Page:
Battery life: 92 minutes | Dimensions: 13.34” L x 13.26” W x 3.36” H | Dustbin capacity: 0.3 L | Weight: 7.44 lb | Mapping: Yes | Self-emptying: No | Object avoidance: No | Scheduling: Yes
The Roomba i4 EVO was one of our favorite Roomba models. We loved its all-around results in every test category, providing pleasing if not superlative results on carpet and hardwood with common particulates such as cat litter and pet hair.
Originally released as the i4 in 2021, it added the EVO to its name the following year when it was given smart mapping. Compared to bump-and-go models, we particularly liked its row-by-row cleaning pattern, which covered a floor area more comprehensively per job. We also liked how its dual rubber rollers could manage on multiple surfaces, from vinyl plank flooring to high-pile rugs to laminate floors. We appreciated the ability, shared with other Roomba models, to control it remotely using Wi-Fi connectivity and a smartphone app, although we wished some of its more advanced capabilities were easier to find.
Read more: iRobot Roomba i4 EVO
Battery life: 75 minutes | Dimensions: 13.4” L x 13.4” W x 3.54” H | Dustbin capacity: 0.35 L | Weight: 6.77 lb | Mapping: No | Self-emptying: No | Object avoidance: No | Scheduling: Yes
The Roomba 694, which was released in 2021, is an entry-level Roomba that hearkens back to Roomba’s earliest models with its classic bump-and-go navigation. Watching these robots find their way around can be frustrating, but studies have shown they keep floors clean effectively when used over time.
Our favorite thing about the 694, however, is its simplicity. While it’s Wi-Fi capable and can be scheduled, controlled remotely or commanded via Alexa and other voice assistants, it works just fine if you never touch the app at all. Pick it up, put it down, press “Clean” and let it go. It’s sturdily built, and it cleans adequately on all surfaces despite its low suction power. We also like its low price. As a basic but capable robot vacuum that takes cleaning out of your hands, the Roomba 694 is a dependable and reliable model.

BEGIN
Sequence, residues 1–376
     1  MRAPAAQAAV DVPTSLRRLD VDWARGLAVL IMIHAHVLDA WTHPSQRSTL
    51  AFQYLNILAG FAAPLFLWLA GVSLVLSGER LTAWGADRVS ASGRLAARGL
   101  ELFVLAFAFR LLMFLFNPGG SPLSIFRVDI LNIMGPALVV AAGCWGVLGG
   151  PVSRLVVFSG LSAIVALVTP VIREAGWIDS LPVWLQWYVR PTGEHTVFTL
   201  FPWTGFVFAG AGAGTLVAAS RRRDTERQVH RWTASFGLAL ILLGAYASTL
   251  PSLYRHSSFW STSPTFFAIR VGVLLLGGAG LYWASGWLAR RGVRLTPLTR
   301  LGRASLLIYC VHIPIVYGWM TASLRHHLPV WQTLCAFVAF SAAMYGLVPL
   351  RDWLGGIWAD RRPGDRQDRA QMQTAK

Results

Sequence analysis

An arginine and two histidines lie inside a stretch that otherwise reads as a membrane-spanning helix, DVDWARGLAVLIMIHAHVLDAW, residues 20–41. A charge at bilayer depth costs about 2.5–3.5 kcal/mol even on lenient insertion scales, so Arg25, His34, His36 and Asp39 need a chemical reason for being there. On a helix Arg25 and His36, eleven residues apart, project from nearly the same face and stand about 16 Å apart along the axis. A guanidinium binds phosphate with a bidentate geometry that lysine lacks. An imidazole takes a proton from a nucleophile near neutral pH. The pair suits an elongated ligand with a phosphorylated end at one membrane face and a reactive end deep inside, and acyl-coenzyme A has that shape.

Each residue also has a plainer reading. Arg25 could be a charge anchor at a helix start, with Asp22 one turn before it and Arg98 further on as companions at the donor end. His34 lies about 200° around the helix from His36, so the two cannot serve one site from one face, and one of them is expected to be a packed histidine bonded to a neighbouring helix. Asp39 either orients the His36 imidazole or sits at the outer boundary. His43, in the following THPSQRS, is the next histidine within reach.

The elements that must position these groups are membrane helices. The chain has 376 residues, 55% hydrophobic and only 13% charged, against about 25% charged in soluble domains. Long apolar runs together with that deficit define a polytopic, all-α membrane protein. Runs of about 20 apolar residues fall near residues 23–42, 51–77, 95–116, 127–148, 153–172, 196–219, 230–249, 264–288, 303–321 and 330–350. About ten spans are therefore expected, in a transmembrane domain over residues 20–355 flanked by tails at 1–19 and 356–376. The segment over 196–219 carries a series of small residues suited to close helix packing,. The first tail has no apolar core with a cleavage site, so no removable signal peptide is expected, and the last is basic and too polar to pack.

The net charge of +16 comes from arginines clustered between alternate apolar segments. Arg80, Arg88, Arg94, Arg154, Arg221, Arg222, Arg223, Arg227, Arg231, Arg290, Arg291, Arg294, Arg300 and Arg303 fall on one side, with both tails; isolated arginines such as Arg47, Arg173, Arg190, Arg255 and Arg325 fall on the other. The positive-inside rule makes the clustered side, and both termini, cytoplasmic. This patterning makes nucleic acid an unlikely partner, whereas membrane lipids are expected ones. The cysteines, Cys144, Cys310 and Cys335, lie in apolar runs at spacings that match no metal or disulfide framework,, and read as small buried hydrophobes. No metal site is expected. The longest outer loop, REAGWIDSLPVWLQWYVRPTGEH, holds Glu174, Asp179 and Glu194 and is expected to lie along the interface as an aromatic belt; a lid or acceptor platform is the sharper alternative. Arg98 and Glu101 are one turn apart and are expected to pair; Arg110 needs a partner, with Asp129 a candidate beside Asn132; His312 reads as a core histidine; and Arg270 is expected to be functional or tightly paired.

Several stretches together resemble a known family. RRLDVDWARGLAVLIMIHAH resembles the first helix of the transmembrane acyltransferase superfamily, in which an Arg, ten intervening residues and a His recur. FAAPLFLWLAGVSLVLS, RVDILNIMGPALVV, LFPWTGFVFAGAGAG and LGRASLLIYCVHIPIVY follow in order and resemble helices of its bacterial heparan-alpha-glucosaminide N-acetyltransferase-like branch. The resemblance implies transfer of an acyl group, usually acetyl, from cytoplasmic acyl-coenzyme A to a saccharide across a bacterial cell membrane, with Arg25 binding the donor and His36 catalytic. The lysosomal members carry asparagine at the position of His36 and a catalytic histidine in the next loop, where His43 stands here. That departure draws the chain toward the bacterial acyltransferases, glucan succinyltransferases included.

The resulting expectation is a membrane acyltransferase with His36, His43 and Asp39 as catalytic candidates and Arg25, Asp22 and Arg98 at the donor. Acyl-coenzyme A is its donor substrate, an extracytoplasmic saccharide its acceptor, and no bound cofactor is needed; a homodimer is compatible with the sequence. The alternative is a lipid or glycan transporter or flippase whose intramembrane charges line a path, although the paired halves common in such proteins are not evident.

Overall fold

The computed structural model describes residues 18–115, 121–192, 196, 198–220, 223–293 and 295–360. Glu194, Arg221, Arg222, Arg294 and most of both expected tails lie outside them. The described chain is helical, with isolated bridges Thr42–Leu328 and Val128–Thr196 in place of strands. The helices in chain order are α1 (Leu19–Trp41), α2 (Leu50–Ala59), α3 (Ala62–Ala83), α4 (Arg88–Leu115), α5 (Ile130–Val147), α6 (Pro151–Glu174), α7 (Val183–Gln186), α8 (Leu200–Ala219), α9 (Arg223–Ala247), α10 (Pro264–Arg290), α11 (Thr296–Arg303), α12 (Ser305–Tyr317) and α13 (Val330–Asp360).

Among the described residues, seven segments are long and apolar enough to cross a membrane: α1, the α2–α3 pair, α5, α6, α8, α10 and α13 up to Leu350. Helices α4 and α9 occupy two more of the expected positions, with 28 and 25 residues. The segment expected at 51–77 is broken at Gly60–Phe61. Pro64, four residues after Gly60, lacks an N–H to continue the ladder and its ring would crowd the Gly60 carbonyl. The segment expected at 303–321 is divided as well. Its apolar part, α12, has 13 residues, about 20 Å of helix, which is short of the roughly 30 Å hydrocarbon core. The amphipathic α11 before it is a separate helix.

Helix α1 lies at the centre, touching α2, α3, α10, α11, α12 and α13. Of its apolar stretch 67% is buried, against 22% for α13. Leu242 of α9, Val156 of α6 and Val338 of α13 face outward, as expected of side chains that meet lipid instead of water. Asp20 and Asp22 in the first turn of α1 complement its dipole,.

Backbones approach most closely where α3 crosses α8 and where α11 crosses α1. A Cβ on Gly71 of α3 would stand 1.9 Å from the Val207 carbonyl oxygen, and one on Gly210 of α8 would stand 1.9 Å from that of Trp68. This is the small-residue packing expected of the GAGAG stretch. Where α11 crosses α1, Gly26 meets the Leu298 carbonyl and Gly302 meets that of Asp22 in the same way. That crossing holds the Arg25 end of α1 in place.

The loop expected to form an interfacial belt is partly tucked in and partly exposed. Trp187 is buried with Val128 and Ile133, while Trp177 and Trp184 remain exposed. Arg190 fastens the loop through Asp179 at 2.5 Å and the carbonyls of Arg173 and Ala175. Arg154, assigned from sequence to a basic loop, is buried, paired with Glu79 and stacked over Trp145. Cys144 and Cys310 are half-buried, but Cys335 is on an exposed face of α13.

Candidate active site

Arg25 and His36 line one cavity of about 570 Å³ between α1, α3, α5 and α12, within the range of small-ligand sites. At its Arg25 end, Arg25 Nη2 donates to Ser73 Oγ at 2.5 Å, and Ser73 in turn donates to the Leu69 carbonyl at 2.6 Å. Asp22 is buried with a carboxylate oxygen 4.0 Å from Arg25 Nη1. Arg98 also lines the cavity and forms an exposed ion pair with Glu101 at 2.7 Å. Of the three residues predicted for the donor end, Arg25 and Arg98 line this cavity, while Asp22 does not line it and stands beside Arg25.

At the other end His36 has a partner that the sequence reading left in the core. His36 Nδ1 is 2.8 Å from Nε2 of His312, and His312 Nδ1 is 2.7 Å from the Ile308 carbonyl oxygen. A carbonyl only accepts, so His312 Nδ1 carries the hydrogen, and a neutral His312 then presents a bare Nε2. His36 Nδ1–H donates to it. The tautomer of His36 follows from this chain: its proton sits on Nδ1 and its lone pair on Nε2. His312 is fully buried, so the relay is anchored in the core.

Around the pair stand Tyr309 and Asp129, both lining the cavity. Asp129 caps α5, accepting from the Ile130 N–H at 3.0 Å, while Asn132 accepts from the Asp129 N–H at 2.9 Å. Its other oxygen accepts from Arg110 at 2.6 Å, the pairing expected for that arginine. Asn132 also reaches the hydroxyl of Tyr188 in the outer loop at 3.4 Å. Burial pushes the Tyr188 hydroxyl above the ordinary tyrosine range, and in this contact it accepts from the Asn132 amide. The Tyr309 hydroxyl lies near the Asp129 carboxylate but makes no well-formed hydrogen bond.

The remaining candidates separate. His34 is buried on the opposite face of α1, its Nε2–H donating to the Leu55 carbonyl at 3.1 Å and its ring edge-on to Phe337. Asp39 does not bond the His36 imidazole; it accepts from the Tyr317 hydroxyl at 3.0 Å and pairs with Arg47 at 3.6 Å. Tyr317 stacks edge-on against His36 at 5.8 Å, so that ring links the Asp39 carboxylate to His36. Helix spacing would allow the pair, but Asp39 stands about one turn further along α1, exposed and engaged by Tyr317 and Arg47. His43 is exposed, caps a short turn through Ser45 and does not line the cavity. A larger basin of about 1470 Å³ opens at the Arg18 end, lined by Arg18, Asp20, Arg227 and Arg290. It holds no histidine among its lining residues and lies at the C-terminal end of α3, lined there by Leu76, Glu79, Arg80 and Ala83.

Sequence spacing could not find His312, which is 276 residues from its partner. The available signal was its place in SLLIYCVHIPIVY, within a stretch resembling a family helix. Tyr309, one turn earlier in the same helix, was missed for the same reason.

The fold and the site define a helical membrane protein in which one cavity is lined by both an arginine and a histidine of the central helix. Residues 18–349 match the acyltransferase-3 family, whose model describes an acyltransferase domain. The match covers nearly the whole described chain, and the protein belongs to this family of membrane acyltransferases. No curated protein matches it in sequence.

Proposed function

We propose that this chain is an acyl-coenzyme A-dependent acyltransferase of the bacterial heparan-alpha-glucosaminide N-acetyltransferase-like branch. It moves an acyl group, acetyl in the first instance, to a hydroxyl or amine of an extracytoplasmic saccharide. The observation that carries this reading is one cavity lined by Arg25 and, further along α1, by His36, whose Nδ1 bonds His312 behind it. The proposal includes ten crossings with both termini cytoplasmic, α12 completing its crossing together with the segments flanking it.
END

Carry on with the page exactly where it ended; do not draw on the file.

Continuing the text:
Read more: iRobot Roomba 694
Dyson’s two entries into the robot vacuum market, the discontinued Dyson 360 Eye and the U.K.-only Dyson 360 Heurist, are optically navigating models with Dyson’s famous cyclonic vortex action.
Battery life: 45 minutes | Dimensions: 9.5” L x 9” W x 4.72” H | Dustbin capacity: 0.33 L | Weight: 5.29 lb | Mapping: Yes | Self-emptying: Yes | Object avoidance: Yes | Scheduling: Yes
When it was introduced in 2016 there was no robot vacuum quite like the Dyson 360 Eye. It was almost two inches taller and three inches narrower than most Roombas, running on purple tank tracks instead of wheels. With a clear dome at the top for its eponymous “eye” and a body in ’90s gray plastic, it looks like a mini version of something out of “Star Wars” or an antagonist in “Dr. Who.” At the time, it was hailed for its vSLAM navigation as well as its 20 air watts of suction pressure and a brush roller that runs the full width of the unit. The Eye uses the same V2 engine as Dyson handheld vacuums.
Unfortunately, the Dyson 360 Eye never quite caught on with the public. Not only didn’t it fit under furniture that other robot vacuums could, its namesake feature required ambient light, and so couldn’t navigate in the dark. In the years since, other robot vacuums have included vSLAM navigation, including several Roomba models, and still more have gotten on the laser-powered LiDAR navigation bandwagon. The Dyson Eye’s high price didn’t help its cause, and it has been discontinued.
Battery life: 75 minutes | Dimensions: 9.4” L x 9” W x 4.72” H | Dustbin capacity: 0.33 L | Weight: 5.53 lb | Mapping: Yes | Self-emptying: Yes | Object avoidance: Yes | Scheduling: Yes
Available only in the U.K. due to what Dyson termed its unsuitability to large and complex U.S. homes, the Dyson 360 Heurist improves upon its predecessor in several ways. A ring of LEDs now light up around its optical camera when ambient light is too low. It’s 20% more powerful, run by an upgraded Dyson V2 motor, making it one of the most powerful robot vacuums around.
The Heurist is still tall rather than wide, about the same size as the Eye, in a standout blue-purple color and rolling on tank treads. Like the Eye, the Heurist’s brush roll spans the width of the body, letting it get closer to corners and edges than any round vacuum and doing away with side brushes. It has three power settings that it can switch between automatically, and its navigation allows for detailed mapping with plenty of user customization. Its name refers to its ability to learn as it cleans. As a Dyson product, it’s expensive.
The Roomba s9+ with the Dyson 360 Eye don’t look alike, but they share things in common. Both have strong suction, although, with a Dyson V2 “cyclonic” engine, the Eye has the clear advantage. Both navigate via vSLAM with cameras located on the top of their chassis.
The Dyson Eye’s roller spans the 9-inch width of the unit, but the Roomba s9+’s dual rollers are 9.5 inches long at the front of a D-shaped chassis, making them comparable in coverage.
The Roomba s9+ has a larger 500-milliliter internal dustbin compared to the Dyson Eye’s 330-milliliter bin. In addition, the s9+ can empty itself and comes with an automatic disposal dock that can hold 2.4 liters of dirt.